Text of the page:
Wednesday, Feb. 7, 2007
When I'm 1964: The far right used to inspire fear, not pity, but these days it's hard not to feel a little sorry for the conservative faithful. For a movement accustomed to morning in America, the hour is closer to midnight. First, a Republican Congress betrayed them for pieces of silver. Then a Republican administration ran their ideas into the ground. Now, when they need a conservative messiah, the bundle on their doorstep is Rudy Giuliani, who endorsed Bill Clinton's assault-weapons ban and Mario Cuomo's re-election campaign at the height of the Republican revolution in 1994.
Conservatives have not yet begun to ache. In coming months, they'll have to listen as Giuliani and his fellow gypsy moth Mitt Romney pretend not to be what they've spent the last decade pretending to be. The savior conservatives want is Newt Gingrich—but even with their movement tied to the railroad tracks, the right's Dudley Do-Right waits to ride to the rescue.
Ralph Reed may be content to settle for cheap knockoffs, but real conservatives deserve the real thing. The answer, as always, is in their past.
Most conservatives agree that the key moment in the history of their movement was Barry Goldwater's landslide loss in 1964. In defeat, conservatives found the courage to be ultra: "Extremism in defense of liberty is no vice. Moderation in the pursuit of justice is no virtue."
Those were the days. The years since have brought conservatives one disappointment after another. In 1964, conservatives were finally comfortable in the minority. Then Democrats ruined everything by losing one presidential landslide after another themselves. The far right was stuck with a string of Republican presidents who governed often but not well.
In 2008, the conservative movement should go back to doing what it used to do best: losing. If governing turned out to be no virtue for the right, then defeat should be no vice. Instead of trying to decide which Republican can win the chance to disappoint them again as president, conservatives should remember 1964 and rally behind the candidate who can lose the biggest landslide.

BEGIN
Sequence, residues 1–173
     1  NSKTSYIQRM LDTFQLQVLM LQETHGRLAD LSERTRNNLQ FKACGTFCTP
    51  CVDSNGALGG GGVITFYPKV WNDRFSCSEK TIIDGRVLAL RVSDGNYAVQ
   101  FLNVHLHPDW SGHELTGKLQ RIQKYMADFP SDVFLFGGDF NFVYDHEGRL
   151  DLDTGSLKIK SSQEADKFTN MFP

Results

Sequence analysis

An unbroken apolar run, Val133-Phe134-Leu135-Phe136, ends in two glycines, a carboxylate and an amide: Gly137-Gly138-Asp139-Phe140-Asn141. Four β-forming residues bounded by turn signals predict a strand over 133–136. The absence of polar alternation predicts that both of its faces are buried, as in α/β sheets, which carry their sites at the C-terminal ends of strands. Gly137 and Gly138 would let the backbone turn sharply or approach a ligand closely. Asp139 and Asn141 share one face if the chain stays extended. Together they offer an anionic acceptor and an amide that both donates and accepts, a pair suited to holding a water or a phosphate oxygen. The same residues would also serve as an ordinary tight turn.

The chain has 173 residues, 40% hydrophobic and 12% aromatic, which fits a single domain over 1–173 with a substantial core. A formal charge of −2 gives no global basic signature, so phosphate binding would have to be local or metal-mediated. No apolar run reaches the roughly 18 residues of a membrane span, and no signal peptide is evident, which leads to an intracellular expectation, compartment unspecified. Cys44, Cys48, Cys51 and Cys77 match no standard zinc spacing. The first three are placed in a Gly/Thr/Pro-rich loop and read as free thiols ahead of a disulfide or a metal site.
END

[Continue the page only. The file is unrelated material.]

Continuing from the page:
The great conservative icon Joseph Schumpeter referred to this process as "creative destruction." In memory of Goldwater, the right can call it the Phoenix Project: In order to rise from the ashes, you must first throw yourself upon the flames.
If Bush could run again, a crushing landslide would be inevitable. The way the current administration is going, any Republican in the field might be able to lead the party to defeat in November 2008. But conservatives should know better by now than to entrust their fate to George W. Bush. If the future of their movement depends on an electoral blowout, conservatives must nominate a Republican they can count on to lose everywhere.
Wingers, behold! I have found the man to lead you back into the political wilderness. He's a fighter. He will not bend to those liberal demons of evidence or reason. He will say and do the outrageous, with a fervor and gusto the right hasn't seen in a decade or longer. Best of all, he will lose—quite possibly by the largest electoral margin in American history.
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